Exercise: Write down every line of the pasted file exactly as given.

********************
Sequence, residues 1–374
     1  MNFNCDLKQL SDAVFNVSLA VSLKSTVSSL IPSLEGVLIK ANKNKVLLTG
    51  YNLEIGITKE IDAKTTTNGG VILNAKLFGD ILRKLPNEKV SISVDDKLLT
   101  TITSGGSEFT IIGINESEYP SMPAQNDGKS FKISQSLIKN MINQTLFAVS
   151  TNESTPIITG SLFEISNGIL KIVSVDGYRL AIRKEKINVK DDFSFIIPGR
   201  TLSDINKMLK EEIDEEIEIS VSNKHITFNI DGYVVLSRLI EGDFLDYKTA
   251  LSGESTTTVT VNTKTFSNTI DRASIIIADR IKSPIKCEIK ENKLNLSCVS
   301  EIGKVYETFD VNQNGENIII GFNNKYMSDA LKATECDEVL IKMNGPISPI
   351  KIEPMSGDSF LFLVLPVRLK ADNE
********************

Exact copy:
Sequence, residues 1–374
     1  MNFNCDLKQL SDAVFNVSLA VSLKSTVSSL IPSLEGVLIK ANKNKVLLTG
    51  YNLEIGITKE IDAKTTTNGG VILNAKLFGD ILRKLPNEKV SISVDDKLLT
   101  TITSGGSEFT IIGINESEYP SMPAQNDGKS FKISQSLIKN MINQTLFAVS
   151  TNESTPIITG SLFEISNGIL KIVSVDGYRL AIRKEKINVK DDFSFIIPGR
   201  TLSDINKMLK EEIDEEIEIS VSNKHITFNI DGYVVLSRLI EGDFLDYKTA
   251  LSGESTTTVT VNTKTFSNTI DRASIIIADR IKSPIKCEIK ENKLNLSCVS
   301  EIGKVYETFD VNQNGENIII GFNNKYMSDA LKATECDEVL IKMNGPISPI
   351  KIEPMSGDSF LFLVLPVRLK ADNE